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London has always fuelled the engine of property and economic growth in the UK, and the past 18 months have clearly been no exception. Property prices have soared across the capital, ensuring to capture a market of wealthy and international investors in the process, with an even greater trend filtering into the commuter belt and surrounding regions. With mortgage rates at historic lows, greater accessibility across the market has helped fuel price rises in accordance to the oh-so familiar demand and supply laws of economics.
However, the market still has the potential to create hurdles for would-be buyers looking to take the plunge and purchase a new property in 2016. Increasing price points have undoubtedly saturated the capital, which has resulted in a slight stagnation in London values and spiralling prices further afield. Whereas prices in Boroughs such as Kensington and Chelsea have stalled over the past 2 financial quarters, the likes of Newham and Croydon have witnessed exponential growth.
Affluent regions grew by just 1% last year compared to the national house price growth of 10%, a trend that has the potential to cause issues for homeowners in higher performance regions. As homeowners elsewhere in the UK are required to evaluate the market and decide whether selling is the best option for them, timing is now as key in property as it is in stock markets. As such, widespread demand for prime capital homes is thought to be unlikely for the 12 months ahead.
With the onset of a global recession towards the end of the year, which could send prices plummeting, many borrowers are continuing to question whether growth has finally peaked in certain regions, or if they should expect more over the next few financial quarters.
Predictions for overall market growth for property in 2016 is still favourable, however, and expected to withstand the threat of a looming global recession and remain prosperous for most. A nationwide house price growth of 7% has been forecast with South East regions leading the way, providing homeowners with the opportunity to place a higher premium on their properties (especially towards the end of the year).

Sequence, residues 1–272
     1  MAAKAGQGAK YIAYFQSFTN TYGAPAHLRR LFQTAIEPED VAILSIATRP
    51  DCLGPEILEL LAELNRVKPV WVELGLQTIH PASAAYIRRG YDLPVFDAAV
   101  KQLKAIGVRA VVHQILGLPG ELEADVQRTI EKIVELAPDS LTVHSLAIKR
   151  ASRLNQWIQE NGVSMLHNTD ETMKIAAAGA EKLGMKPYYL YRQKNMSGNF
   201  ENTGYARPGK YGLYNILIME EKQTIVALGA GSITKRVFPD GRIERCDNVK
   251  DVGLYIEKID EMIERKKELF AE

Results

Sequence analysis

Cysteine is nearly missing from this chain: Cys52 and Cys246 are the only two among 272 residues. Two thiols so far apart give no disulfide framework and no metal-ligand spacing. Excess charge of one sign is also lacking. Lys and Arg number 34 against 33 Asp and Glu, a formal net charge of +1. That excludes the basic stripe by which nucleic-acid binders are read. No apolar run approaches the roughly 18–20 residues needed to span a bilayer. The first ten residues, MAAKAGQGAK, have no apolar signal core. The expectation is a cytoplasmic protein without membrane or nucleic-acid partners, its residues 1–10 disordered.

To reiterate, as ever, timing is crucial when planning for the financial year ahead, but there are still many benefits possible for selling your property in the current market climate.
Expectations of interest rate rises hold the ability to cool off the property market, with tougher mortgage approvals and creeping rates all thought to affect the capital’s previously booming market.
Despite rumours of interest rate rises amid the introduction of tougher criteria for the buy to let sector, London property remains a relatively safe investment, while the security of sterling and London’s political stability remains an incentive for international buyers. However, when mortgage rates start to increase, the budgets of potential buyers will consequently decrease and the initial asking prices posed by sellers may no longer be reasonable expectations.
Ultimately, our advice for those wishing to move home is to stay ahead of the crowd and do so sooner rather than later, as the future of the property market remains largely speculative.
As far as the natural peaks and troughs of an economic cycle goes – and in the property market’s case especially – the key understanding is that we are currently in a peak. Which of course, once goes up, must come down. It is, however, safe to say that regardless of unfolding events in the near future, prices will peak once more. Although the question of how long that may take, is anyone’s guess.
Whichever option you decide on, we will provide expert advice to help you find the best and most practical solution for you. If you’re a foreign national looking to invest, a homeowner considering your selling options or are simply looking to buy – we have the answers to prepare your property in 2016, ensuring you make the best decision for your circumstances.